The Spark

“The emancipation of the working class will only be achieved by the working class itself.” — Karl Marx

Rights of Women:
Jacqueline Sauvage Finally Free

Jan 9, 2017

The following article was translated from the January 4 issue of Lutte Ouvrière, the newspaper of the French revolutionary workers group of that name.

Francois Hollande finally decided to completely pardon Jacqueline Sauvage on December 29, and she was freed the same evening, after having spent four years in a cell.

This 69-year-old woman was sentenced to ten years in prison for having killed her husband in 2012. For 47 years, she was a victim of domestic violence. Two of her daughters were raped by the father, and her son, equally a victim of violence, committed suicide a few hours before the death of the father.

Her liberation is the result of the fight of her support committee and of feminist groups who denounced this injustice, and of all those who joined in protesting her imprisonment. One petition got more than 400,000 signatures. This mobilization pushed Hollande to give her a partial pardon in January 2016. Because of his political cowardice, Hollande was content with this half measure that let the judicial system decide if Jacqueline Sauvage could be released.

On two separate occasions, mid-August and the end of November, the judges decided to leave her in prison, invoking as an excuse that she maintains a “discourse of victimization.” In November, the judges justified their decision by explaining that Jacqueline Sauvage did not express a “real and authentic feeling of guilt” and had shown “poor and limited reflection.”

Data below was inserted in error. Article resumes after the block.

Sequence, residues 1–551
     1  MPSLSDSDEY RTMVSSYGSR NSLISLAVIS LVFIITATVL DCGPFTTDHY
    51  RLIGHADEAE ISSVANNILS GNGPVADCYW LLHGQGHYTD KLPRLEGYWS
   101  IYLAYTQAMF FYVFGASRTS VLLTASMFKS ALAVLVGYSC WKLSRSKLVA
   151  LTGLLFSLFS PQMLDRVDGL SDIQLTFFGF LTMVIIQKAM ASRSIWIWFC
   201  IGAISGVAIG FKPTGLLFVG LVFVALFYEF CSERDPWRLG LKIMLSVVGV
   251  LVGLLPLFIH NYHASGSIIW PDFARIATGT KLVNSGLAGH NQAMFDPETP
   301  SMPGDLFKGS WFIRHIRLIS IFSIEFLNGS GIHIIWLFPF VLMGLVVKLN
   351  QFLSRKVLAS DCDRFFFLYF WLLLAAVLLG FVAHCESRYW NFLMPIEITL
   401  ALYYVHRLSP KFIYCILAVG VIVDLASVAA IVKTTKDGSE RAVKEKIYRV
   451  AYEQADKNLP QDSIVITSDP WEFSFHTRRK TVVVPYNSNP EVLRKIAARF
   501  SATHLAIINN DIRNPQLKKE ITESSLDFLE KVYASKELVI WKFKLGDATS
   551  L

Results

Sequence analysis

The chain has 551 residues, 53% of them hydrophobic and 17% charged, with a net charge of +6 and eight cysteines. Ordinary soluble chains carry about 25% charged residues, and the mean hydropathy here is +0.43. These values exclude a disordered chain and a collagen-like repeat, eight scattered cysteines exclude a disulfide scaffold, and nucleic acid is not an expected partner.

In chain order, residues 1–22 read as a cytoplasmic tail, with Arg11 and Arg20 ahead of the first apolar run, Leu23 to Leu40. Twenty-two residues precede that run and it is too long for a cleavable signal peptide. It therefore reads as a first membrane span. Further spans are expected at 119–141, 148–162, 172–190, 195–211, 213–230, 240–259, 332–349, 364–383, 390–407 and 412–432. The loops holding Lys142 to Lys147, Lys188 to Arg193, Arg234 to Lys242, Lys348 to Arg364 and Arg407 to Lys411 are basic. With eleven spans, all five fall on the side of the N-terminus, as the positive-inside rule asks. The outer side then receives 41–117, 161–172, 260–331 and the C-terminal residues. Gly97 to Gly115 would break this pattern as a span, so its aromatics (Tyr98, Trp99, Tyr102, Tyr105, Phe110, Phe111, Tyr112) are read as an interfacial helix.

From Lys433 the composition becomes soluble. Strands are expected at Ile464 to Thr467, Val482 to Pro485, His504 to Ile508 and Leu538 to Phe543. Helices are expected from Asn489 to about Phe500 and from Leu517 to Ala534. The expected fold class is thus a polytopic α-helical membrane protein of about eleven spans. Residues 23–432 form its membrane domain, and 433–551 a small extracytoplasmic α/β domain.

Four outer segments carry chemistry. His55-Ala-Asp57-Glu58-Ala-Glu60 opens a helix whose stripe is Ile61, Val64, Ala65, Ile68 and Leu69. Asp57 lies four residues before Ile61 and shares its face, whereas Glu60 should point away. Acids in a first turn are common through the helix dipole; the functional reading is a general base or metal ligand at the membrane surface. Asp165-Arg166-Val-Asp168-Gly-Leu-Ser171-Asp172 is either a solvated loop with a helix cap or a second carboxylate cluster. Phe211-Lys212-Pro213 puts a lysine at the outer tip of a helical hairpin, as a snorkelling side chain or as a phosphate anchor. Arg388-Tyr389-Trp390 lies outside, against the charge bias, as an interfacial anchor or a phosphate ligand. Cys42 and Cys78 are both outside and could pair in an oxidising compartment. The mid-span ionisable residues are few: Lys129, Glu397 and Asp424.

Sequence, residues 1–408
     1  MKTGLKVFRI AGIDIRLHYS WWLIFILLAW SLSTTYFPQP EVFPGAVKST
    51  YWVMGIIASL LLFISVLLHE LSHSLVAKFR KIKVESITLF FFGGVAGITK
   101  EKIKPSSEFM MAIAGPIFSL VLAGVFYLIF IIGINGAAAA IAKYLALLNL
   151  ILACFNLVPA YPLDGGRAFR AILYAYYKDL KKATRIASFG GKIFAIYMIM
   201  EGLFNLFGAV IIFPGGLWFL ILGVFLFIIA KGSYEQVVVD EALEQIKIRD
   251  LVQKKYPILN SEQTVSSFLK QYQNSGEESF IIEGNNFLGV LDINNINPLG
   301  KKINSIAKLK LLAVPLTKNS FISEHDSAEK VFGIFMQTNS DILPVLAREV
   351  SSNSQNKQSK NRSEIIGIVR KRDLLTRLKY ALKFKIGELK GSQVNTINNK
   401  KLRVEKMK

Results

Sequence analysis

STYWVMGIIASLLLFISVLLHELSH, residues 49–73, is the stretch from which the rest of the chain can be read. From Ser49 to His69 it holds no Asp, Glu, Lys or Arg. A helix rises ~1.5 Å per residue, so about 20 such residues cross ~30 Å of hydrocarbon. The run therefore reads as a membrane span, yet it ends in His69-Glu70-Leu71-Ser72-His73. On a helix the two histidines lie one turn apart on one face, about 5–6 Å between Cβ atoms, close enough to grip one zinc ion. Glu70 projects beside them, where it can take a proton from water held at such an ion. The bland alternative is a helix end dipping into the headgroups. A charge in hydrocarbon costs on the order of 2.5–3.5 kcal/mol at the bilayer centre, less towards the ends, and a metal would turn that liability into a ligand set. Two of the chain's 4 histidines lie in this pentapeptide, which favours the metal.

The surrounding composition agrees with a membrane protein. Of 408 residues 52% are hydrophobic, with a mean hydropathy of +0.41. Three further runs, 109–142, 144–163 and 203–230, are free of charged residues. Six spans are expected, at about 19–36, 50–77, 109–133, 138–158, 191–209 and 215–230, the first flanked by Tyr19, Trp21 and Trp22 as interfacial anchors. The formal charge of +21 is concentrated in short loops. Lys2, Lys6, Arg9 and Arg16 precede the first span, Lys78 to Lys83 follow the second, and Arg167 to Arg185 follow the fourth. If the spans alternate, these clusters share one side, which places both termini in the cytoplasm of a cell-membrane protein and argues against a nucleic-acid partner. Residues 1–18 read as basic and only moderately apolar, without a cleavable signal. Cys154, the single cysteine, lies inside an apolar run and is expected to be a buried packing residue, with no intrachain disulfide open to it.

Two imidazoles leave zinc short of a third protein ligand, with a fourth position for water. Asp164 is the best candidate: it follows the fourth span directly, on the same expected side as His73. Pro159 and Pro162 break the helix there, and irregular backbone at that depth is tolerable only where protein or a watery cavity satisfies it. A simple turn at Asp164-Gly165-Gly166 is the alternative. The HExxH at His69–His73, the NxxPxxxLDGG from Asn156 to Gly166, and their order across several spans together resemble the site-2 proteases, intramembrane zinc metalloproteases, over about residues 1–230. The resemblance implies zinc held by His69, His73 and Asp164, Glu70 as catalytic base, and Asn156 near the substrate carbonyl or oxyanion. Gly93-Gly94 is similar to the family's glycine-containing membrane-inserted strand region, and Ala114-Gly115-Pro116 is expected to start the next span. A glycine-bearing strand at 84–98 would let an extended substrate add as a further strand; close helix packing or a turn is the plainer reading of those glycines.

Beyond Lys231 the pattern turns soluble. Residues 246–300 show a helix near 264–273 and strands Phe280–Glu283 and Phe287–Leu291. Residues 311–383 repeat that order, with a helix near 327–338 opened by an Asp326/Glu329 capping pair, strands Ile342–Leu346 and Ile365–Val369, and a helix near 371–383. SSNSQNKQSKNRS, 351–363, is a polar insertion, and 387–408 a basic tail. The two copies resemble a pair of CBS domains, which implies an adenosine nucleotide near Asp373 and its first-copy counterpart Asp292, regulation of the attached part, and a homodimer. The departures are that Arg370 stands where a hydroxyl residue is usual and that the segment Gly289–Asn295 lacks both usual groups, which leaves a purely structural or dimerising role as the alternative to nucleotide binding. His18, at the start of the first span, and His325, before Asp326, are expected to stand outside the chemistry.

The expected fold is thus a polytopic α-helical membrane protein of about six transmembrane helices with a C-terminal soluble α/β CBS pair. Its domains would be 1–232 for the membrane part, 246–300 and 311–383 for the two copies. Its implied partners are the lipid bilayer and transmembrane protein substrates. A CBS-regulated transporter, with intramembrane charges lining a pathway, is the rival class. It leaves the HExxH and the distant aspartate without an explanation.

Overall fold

Persisting in this attitude at the announcement of the presidential pardon, Virginie Duval, president of the main union of judges, denounced “a new attack on the independence of the justice system by the executive.” But this avoids the fact that the judicial apparatus barely pretends to protect women who are victims of domestic violence. In France, a woman dies of violence at the hands of her husband or partner every three days. Two hundred and twenty-three thousand women are victims of serious domestic violence. Of these, just 14 per cent dare to lodge a complaint, terrified at the idea that their abuser will not be stopped and that they will face reprisals. At her trial, this was the principal reproach that the judges aimed at Jacqueline Sauvage: she never lodged a complaint. But they know the statistics; they knew very well that women are confronted by cops who minimize the problem.

The case of Jacqueline Sauvage shows that, faced with the hypocrisy of the reactionaries, the indifference of the judicial institutions and the cowardice of the political class, in order to reduce sexist violence and more generally to defend their rights, women can only count on their own mobilizations.